16 Jun 2014

16 June 14 - Photospot4: Red & Black Kites

When I first started birding in the UK, Kite identification was pretty straight-forward. If you were in central Wales, then a Kite flying over your head was going to be a Red Kite: as this was the centre of the breeding range of the less than 100 pairs in the UK. These birds were fairly resident & therefore didn't seem to wander too far. Elsewhere, then you were unlikely to encounter a Kite, but there was a very slim chance that a Black Kite could turn up in the UK: but they were national rarities. The first one I saw in the UK on the Isle of Wight in 1987 was only about the 95th UK record.
Red Kite: Once a Welsh speciality, but now a UK wide success story. I've even had 3 migrants over my garden in recent years (Southern England, June 2014)
Jump forward to 1992 & the times they were a changing. A successful reintroduction scheme was quietly launched in the Home Counties in the late 1980s. I suspect this area was selected as there were plentiful woods & fields. Also there were less Buzzards to compete with, compared to suitable locations further West. Additionally, it was well away from the established Welsh population. My first encounter with one of these Red Kites was returning from a 20 month Round the World trip in March 1992 & taking a train from Heathrow to South Wales (where my mother was living at the time). Soon after the train entered the Reading countryside, I saw a Kite quartering over the fields. I subconsciously wrote it off as a Black Kite, having seen thousands in Africa (the distinctive Yellow-billed Kite subspecies), India (where good numbers were a daily sighting) & many in parts of SE Asia & Australia. Having looked away, I suddenly remembered I was back in the UK & shouldn't be seeing Kites, especially in this area. Frustratingly, it was a now distant bird & too far away to identify. It was only when I got to talk to birding mates that I heard about the reintroduction scheme & that it would have been a Red Kite.
Red Kite: The 1992 Kite from the Reading train wasn't close to the track & colours weren't easy to see on it. Had it looked like this, then it would have been immediately obvious (Southern England, June 2014)
Jump forward again to 2014 & Red Kites are now a regular sight in many parts of the UK. I recently saw 2 on the journey from Esher Common to Goring-on-Thames (on a Dragonfly day out). I was disappointed in the numbers seen that day, given I was going through one of the hot spots around the M4 - M40 corridor. They are breeding in a number of UK counties, following additional reintroduction schemes. However, they remain a less common species in Dorset, as there haven't been any local reintroductions. We have a regular Spring migration of Red Kites which I think is from birds which winter in the South West & then move East on fine Spring days. Additionally, there are a few birds seen at other times of the year. I'm sure in time they will spread more commonly into the county, as the expanding existing Southern populations look for new breeding sites. As for Black Kites, they have also become commoner in the UK: with over 360 records by 2005 when they stop being considered by the BBRC. There are fairly regular records of Black Kites in the South West & on the East coast, but it's remains a rare bird in Dorset. There are reports, but it's never easy to figure out at the time, if these are genuine or mid-identifications of poorly seen Red Kites. Either way, they never get seen again & must remain an ongoing headache for the Dorset rarities panel to assess. If one was pinned down for a day or two, it would be a well twitched & popular bird, as it will be a long overdue Dorset Tick for many of the local birders.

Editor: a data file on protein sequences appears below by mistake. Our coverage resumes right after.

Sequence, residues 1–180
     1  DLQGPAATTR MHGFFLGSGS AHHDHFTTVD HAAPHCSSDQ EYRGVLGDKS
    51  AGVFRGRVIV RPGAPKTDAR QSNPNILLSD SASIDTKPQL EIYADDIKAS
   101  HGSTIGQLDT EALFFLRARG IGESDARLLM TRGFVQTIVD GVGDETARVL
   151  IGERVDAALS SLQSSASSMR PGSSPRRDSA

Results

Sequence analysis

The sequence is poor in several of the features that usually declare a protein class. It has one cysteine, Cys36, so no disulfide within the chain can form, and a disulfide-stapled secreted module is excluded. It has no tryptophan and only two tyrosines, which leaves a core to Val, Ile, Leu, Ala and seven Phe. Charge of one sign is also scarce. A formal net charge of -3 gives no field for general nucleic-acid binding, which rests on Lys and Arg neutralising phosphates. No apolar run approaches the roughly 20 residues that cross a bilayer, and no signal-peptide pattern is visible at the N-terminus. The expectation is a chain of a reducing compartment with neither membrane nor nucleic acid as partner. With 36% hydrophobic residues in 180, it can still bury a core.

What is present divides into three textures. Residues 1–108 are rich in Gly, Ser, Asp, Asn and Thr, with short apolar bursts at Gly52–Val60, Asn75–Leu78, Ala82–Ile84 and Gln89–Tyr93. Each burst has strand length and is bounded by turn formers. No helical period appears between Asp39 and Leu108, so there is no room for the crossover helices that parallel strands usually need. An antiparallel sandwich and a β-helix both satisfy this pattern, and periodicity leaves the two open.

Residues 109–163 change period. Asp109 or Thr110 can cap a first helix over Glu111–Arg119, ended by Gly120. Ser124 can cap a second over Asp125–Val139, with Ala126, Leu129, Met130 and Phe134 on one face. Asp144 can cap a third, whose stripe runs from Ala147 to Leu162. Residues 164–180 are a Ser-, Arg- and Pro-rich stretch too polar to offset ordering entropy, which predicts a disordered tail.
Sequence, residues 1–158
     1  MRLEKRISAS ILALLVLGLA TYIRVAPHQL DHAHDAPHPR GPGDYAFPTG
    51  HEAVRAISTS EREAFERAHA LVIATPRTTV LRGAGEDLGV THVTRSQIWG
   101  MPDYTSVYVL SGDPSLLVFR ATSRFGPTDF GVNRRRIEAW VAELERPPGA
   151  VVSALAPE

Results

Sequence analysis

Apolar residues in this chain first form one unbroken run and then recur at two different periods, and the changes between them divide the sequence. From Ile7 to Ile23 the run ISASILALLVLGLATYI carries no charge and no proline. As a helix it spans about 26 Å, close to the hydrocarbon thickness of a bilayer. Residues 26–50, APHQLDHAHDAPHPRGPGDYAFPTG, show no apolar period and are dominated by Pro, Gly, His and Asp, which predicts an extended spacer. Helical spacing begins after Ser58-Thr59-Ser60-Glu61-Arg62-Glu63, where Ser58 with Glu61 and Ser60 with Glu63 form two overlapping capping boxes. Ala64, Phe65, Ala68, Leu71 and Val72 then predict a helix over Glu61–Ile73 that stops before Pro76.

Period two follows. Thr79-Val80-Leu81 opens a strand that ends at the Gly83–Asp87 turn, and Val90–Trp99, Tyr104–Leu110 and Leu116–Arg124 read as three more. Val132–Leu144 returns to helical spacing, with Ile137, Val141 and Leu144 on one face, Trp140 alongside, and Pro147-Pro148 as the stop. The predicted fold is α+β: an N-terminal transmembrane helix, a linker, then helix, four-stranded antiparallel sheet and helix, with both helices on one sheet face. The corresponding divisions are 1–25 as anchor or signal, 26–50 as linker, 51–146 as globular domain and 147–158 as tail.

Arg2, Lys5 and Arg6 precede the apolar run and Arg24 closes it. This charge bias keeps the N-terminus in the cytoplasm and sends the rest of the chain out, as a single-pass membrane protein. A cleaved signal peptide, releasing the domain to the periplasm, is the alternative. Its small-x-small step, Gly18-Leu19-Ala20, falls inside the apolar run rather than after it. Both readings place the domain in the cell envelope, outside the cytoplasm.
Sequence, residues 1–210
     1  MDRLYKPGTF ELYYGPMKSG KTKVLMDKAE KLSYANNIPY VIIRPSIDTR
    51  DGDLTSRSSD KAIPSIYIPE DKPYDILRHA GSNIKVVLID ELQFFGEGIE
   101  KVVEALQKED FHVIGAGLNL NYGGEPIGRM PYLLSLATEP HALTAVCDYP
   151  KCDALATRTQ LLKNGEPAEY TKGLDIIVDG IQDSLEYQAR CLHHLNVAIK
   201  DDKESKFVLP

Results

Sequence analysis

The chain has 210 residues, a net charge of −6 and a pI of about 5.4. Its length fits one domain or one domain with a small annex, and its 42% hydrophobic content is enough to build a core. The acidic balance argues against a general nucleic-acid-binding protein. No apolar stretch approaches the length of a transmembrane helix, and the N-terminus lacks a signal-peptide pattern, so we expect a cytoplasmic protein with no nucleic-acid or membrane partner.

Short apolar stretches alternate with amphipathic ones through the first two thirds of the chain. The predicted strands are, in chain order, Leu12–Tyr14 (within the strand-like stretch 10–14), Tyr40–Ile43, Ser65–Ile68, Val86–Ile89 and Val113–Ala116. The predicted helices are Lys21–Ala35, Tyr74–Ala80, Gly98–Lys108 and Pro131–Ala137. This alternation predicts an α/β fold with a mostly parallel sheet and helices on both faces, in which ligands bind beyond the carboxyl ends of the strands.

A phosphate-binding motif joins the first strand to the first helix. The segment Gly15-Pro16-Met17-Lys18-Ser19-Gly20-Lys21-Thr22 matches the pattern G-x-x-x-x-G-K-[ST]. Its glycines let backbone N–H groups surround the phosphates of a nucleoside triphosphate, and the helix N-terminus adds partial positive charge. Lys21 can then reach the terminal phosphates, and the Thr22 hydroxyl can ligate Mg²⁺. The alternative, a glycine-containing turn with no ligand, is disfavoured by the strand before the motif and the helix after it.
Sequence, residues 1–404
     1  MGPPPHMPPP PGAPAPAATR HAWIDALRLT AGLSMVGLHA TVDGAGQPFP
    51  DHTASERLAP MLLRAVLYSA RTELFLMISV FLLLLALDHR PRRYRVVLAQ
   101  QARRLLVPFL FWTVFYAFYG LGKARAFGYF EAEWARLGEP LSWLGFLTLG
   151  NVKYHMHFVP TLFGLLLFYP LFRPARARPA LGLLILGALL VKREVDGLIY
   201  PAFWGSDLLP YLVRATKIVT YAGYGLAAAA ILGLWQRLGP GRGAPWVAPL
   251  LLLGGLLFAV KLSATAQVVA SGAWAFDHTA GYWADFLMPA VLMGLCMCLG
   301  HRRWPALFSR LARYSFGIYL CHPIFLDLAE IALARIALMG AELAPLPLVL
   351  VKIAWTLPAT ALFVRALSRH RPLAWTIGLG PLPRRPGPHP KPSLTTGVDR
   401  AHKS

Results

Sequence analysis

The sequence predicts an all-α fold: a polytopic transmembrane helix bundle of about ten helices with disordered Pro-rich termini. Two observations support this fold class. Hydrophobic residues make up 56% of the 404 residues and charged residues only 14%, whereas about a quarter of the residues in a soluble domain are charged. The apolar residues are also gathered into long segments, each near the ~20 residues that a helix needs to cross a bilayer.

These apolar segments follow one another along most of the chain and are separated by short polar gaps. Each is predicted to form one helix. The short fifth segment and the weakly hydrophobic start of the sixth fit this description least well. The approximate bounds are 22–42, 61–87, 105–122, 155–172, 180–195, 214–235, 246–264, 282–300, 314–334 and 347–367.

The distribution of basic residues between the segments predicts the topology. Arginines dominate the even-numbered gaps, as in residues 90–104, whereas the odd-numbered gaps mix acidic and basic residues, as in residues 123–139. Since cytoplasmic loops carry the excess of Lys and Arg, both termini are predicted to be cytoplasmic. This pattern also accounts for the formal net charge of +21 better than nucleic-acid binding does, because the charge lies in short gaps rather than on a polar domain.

Black Kite: This shows the uniform grey brown body & head & pale inner primary panel. Note, the shallow forked tail, normal length wings & tail (Kfar Ruppin, Israel, April 2014)
So a quick overview of identification between the 2 Kite species. Red Kites are longer winged and longer tailed than Black Kites. They often glide on bow shaped wings where the middle of the wings is the highest point with the wing tips noticeably curved down. This distinctive long-winged and long-tailed shape makes them easy to pick out at a distance from any of the other UK Raptors. Red Kites also have a much deeper forked tail than Black Kites, which is most obvious in the closed tail, but still obvious when the tail is spread.
Red Kite: Note, the longer & more deeply forked tail compared to a Black Kite (Southern England, June 2014)
Black Kite: They have a shorter tail with a shallower fork, a grey brown body and a diffuse pale panel on the inner primaries (Kfar Ruppin, Israel, April 2014)
Red Kites have a much more contrasting colouration with a noticeable orangey-red tail, contrasting brown flight feathers with paler rufous-brown wing coverts on the upperwing, a rufous body, a light greyish head & a pale panel on the inner wing coverts. In contrast, Black Kites are far more uniform: being a cold dull grey brown colouration with a grey brown tail, a grey brown body & again a pale panel in the inner primaries.
Red Kite: The longer wings make them appear thinner winged than Black Kites & the longer, deeper forked tail is even really obvious in the spread tail of this bird. Also note the rufous body & pale head (Southern England, June 2014) 
Red Kite: Red Kites have more rufous wing coverts, obvious rufous tail & are more contrasting on their upperparts than Black Kites (Southern England, June 2014)
Black Kite: Black Kites have a more uniform darker appearance on their upperwing & a grey-brown tail as these individuals in a large flock demonstrate (Kfar Ruppin, Israel, April 2014)
I am looking forward to getting some shots of a visiting Black Kite in Dorset. Let's hope it's not too long a wait.